Tuesday, February 01, 2011

Quotes of the day

History looks different in different cultures. I do not simply mean that different cultures interpret the same past differently (though that is often the case), but that the understanding of what history is may vary from culture to culture. Indeed, even within one culture there are often competing notions as to what history is. This issue has become ever more complex during the past several decades, owing to the advance of postmodernism and its innovative ideas about what history is. ... Many ancient Greeks thought that history went around in circles. This does not mean that each cycle repeats itself exactly, but that there is an unending repetition of patterns, with no end, no ultimate climax, no telos. A great deal of contemporary naturalism thinks that our sun will finally burn out, and life on earth will come to an end. Some hold that the universe itself will eventually settle into a more or less even distribution of energy, and die; others think that somehow it will rejuvenate itself by collapsing and exploding again to repeat a cycle something like the present one. By contrast, in university history departments events on such a scale are irrelevant. History—whether this refers to what happened, or to our reconstruction of it—covers the period of human writing. Everything before that is “prehistoric.”--Don Carson

Rich nations need to respect the rights of their citizens to avoid the “dictator” label, but in poor nations all you need is to be a US ally.--William Easterly

In a confidential conversation at a meeting with the KGB resident in Lebanon in April this year, [PFLP official] Wadia Haddad outlined a prospective program of sabotage and terrorism by the PLFP [sic]. . . . The PLFP is currently preparing a number of special operations, including strikes against large oil storage installations in various countries, . . . the destruction of oil tankers and super-tankers, actions against American and Israeli representatives in Iran, Greece, Ethiopia, Kenya, an attack on the Diamond center in Tel Aviv, etc. . . . We feel it would be feasible, at the next meeting, to give a generally favorable response to Wadia Haddad’s request.--KGB chief Yuri Andropov to general secretary Leonid Brezhnev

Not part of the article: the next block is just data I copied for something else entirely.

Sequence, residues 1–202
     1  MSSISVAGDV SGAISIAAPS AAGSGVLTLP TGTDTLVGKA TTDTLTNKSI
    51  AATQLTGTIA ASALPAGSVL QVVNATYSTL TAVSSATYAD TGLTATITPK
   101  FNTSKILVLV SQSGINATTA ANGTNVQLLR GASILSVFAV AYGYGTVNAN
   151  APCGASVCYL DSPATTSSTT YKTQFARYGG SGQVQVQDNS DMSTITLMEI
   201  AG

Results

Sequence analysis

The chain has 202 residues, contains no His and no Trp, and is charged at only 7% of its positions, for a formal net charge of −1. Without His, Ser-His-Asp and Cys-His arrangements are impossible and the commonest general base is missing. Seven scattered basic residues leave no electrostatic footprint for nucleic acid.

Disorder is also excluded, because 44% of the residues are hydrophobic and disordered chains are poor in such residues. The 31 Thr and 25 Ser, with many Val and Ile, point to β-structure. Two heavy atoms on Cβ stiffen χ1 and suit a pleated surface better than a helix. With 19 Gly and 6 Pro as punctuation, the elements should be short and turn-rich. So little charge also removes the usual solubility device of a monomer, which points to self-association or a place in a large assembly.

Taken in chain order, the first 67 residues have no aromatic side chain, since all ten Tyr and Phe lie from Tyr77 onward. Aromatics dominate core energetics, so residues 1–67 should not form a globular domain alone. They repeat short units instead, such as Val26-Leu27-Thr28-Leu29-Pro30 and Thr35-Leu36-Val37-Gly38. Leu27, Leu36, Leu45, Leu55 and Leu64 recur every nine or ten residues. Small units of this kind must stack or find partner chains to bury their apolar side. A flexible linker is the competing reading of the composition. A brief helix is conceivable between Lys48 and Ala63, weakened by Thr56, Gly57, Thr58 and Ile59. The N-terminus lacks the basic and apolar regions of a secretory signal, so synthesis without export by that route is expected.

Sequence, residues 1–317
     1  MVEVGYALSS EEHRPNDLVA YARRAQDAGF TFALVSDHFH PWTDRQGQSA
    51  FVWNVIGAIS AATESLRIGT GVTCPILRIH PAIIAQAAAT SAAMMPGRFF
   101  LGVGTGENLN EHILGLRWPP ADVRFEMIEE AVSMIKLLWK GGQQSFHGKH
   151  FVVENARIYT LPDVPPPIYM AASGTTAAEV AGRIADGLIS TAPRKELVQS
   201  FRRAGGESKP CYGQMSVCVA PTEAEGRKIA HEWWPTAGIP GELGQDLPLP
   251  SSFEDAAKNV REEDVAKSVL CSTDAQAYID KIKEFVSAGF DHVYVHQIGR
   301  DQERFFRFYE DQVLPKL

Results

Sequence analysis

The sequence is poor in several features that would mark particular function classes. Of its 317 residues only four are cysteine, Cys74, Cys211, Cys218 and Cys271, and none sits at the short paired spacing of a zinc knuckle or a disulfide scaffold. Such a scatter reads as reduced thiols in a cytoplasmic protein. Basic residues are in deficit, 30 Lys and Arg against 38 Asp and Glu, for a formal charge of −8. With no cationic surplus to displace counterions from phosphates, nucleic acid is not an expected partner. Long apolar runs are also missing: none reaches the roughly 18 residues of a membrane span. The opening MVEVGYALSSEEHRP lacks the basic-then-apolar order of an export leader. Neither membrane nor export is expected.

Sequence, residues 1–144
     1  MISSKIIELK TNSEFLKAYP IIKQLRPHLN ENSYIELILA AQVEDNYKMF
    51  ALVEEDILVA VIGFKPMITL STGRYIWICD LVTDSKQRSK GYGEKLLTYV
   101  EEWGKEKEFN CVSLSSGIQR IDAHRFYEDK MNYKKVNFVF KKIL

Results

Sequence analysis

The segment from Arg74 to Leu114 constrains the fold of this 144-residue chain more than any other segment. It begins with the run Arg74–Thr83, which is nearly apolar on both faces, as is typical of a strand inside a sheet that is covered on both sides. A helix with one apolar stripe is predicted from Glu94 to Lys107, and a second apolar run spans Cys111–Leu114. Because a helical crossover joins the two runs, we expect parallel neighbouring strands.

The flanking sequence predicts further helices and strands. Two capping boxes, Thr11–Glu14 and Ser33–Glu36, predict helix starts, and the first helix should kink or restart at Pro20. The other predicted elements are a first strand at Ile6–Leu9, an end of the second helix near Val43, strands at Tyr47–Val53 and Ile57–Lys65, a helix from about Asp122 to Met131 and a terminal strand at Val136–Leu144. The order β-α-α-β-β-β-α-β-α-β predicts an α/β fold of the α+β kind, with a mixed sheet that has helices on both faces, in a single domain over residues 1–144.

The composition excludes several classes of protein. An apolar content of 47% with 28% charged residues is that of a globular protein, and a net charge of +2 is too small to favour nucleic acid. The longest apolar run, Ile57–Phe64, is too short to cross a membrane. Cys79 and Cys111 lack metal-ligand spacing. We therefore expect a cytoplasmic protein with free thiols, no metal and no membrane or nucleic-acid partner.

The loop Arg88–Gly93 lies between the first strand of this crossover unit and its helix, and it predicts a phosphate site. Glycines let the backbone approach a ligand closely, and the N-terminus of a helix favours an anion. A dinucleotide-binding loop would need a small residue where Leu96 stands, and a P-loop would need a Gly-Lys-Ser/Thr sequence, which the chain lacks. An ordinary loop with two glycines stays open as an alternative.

Unemployment rose to double digits, hitting 10.8 percent on the eve of the president’s second anniversary in office. Midterm election returns—a referendum on his first two years—were disastrous. Time reported that the president’s “economic advisers have been emptying out their desks and leaving,” underscoring “an impression of disarray within the Administration’s top economic ranks.” President Barack Obama in early 2011? Nope: President Ronald Reagan in late 1982. Yet two years later, Reagan won reelection in a landslide.--Nicole Gelinas

It is odd that the soft firms, which market themselves to clients as being super-smart repositories of brainpower (of course this is largely a fiction; see point 3 above), would rely so heavily on university admissions committees. They effectively outsource a big chunk of due diligence on their most important investment (human capital) to a group of people whose judgement they somehow trust, but perhaps without detailed understanding. When I was on the faculty at Yale I knew people in admissions and it's not clear to me that they were the best able to spot potential in 18 year olds. In studies of expert performance admissions people are less good at predicting UG GPA than a simple algorithm. (The "algorithm" is simply a weighted sum of SAT and HS GPA!)--Steve Hsu

Stock market participation is monotonically related to IQ, controlling for wealth, income, age, and other demographic and occupational information. The high correlation between IQ, measured early in adult life, and participation, exists even among the affluent. Supplemental data from siblings, studied with an instrumental variables approach and regressions that control for family effects, demonstrate that IQ’s influence on participation extends to females and does not arise from omitted familial and non-familial variables. High-IQ investors are more likely to hold mutual funds and larger numbers of stocks, experience lower risk, and earn higher Sharpe ratios.--Mark Grinblatt, Matti Keloharju and Juhani Linnainmaa

I think there is a world market for maybe five computers.--Thomas Watson, chairman of IBM, 1943

We find that Oscar wins are associated with a greater risk of divorce for Best Actresses, but not for Best Actors. This asymmetry is consistent with gender dynamics documented in marriages among the general population.--H. Colleen Stuart, Sue Moon, Tiziana Casciaro

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